Roots of the RPG Research Project

by Hawke Robinson published Nov 11, 2016 01:02 AM, last modified Nov 11, 2016 01:02 AM

W.A. Hawkes-Robinson first began the roots of the RPG Research project around 1983/1984 in reaction to the "moral panic" of the 1980's backlash against the popularity of the role-playing game Dungeons & Dragons (and other popular media of the time). In early high school at the time, he wrote an 8 page essay for the school English course at Realms of Inquiry "A school for gifted and talented children" in Salt Lake City, Utah. The instructor then asked that he read this essay to the entire upper school with a follow up Q&A. The essay and subsequent discussion of role-playing games and role-playing gamers provided (then) current information strongly countering the media's misleading negative claims about role-playing gaming and gamers. Some of the students and staff that had been previously skeptical, concerned, or mocking about role-playing games and gamers, became interested enough that they at least discontinued the harassment of role-playing gamers, and some even began participating in the actual role-playing game sessions.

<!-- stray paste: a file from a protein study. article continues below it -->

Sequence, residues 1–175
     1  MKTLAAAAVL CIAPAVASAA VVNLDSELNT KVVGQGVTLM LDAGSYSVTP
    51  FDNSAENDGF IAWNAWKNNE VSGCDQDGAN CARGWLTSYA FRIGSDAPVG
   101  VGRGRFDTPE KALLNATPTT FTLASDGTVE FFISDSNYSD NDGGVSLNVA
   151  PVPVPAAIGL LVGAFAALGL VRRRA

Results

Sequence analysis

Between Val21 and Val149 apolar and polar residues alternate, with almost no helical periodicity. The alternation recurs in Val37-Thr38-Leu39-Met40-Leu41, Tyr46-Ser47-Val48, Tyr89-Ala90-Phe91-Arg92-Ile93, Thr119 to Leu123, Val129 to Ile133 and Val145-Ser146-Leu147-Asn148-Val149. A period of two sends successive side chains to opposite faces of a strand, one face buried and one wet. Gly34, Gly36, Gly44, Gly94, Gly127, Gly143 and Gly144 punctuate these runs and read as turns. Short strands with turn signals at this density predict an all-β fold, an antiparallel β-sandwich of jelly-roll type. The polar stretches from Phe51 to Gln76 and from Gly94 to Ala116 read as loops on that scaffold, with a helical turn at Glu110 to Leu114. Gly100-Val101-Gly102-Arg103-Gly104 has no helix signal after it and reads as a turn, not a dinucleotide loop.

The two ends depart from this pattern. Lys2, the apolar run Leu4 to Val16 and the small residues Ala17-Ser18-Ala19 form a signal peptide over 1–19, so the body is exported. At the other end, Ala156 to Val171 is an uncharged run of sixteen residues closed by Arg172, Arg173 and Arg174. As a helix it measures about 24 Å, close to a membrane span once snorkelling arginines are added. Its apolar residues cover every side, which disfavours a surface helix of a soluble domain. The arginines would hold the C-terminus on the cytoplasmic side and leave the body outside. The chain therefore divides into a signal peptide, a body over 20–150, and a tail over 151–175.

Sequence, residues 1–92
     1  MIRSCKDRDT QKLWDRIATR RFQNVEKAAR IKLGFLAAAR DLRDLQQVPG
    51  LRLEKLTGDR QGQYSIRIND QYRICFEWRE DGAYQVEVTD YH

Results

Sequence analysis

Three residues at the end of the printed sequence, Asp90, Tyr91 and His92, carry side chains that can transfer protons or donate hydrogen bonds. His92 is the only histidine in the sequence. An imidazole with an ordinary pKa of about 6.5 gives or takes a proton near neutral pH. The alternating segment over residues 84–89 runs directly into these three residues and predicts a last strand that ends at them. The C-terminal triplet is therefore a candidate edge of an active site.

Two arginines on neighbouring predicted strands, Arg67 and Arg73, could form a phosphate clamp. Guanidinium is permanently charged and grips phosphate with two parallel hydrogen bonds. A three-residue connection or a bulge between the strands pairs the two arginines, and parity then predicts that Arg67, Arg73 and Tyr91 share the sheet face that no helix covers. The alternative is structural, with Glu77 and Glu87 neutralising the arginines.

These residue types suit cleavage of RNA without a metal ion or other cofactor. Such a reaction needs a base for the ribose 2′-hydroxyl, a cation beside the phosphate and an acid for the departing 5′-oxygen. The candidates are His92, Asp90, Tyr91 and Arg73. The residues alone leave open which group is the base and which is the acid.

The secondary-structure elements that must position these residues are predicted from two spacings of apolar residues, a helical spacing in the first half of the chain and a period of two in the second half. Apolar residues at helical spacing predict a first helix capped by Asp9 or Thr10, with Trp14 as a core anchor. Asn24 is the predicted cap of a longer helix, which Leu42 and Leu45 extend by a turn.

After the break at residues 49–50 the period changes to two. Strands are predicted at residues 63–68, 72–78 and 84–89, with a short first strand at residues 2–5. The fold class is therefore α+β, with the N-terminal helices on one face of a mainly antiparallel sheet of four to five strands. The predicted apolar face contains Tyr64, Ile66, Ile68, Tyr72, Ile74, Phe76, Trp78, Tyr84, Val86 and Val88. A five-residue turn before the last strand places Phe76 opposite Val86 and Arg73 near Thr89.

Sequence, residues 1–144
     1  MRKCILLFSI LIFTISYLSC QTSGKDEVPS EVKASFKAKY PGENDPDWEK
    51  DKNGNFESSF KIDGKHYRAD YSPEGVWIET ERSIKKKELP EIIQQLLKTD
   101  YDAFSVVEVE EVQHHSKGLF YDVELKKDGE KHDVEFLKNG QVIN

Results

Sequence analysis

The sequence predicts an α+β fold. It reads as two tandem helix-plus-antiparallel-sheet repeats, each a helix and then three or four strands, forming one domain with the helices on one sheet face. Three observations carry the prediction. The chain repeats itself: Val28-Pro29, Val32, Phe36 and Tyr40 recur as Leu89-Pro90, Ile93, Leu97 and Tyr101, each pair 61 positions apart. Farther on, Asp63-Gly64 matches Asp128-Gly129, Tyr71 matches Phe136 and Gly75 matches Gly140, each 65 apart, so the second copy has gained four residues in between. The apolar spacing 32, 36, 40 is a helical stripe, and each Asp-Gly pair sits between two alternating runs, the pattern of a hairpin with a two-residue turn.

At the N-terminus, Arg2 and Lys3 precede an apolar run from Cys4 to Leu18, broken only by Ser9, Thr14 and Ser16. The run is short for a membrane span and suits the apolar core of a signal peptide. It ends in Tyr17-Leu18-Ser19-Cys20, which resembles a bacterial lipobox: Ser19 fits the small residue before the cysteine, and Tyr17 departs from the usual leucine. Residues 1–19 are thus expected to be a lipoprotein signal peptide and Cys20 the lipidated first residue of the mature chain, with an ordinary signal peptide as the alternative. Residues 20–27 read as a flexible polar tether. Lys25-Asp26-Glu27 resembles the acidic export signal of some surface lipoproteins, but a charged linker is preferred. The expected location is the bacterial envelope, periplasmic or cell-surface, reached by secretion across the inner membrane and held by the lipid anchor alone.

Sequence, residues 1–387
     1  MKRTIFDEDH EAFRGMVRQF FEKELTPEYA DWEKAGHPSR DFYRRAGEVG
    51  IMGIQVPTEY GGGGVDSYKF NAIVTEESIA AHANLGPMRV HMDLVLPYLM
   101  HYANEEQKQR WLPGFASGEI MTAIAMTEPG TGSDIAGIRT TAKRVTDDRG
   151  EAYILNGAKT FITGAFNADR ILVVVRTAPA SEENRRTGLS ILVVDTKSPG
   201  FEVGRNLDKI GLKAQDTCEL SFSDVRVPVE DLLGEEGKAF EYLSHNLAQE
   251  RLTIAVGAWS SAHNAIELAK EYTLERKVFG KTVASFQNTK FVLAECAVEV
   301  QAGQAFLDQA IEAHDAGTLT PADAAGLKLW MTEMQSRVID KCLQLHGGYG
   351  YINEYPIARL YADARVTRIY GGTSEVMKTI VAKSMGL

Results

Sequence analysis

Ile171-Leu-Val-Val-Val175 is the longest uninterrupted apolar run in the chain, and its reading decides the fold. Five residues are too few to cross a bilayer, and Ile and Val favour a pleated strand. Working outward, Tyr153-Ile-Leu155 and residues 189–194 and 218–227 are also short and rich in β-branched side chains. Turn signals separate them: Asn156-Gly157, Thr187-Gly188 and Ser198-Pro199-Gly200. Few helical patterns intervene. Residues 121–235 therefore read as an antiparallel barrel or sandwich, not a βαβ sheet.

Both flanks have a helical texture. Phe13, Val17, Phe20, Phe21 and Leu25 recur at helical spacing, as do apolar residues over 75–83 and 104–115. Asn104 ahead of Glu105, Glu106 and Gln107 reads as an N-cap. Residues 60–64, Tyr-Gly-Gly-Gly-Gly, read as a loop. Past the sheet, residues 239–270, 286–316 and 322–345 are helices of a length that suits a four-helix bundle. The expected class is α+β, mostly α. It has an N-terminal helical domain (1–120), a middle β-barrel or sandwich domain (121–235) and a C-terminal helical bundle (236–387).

Around 1984/1985 Hawkes-Robinson convinced the high school headmaster (Ross Jones of Realms of Inquiry, a "school for gifted and talented children" in Salt Lake City, Utah) to allow temporarily running a role-playing gaming class for all the students, every school day, for several weeks, in lieu of the drama classes, while the school looked for a new drama class instructor. More details on that experience here: Anecdotal Experiences of Social Stigma as a Tabletop Role-playing Gamerhttp://rpgresearch.com/about/blog/anecdotal-experiences-of-stigma-as-a-tabletop-role-playing-gamer

In 2004, the RPG Research Project was formally created by W.A. Hawkes-Robinson, and received it's own dedicated website in 2006, open to the international community.

The RPG Research Project is providing an online research repository and an open, international community of researchers investigating the effects of all role-playing game formats: tabletop, live-action (LARP), computer-based, and solo adventures. The project is also taking a longitudinal approach, planning to span many years (decades) creating new research and experiments attempting to identify any causality related to the therapeutic and educational impact of role-playing gaming, and the possible development of controlled uses of role-playing games for specific therapeutic goals where potential is found to be appropriate.

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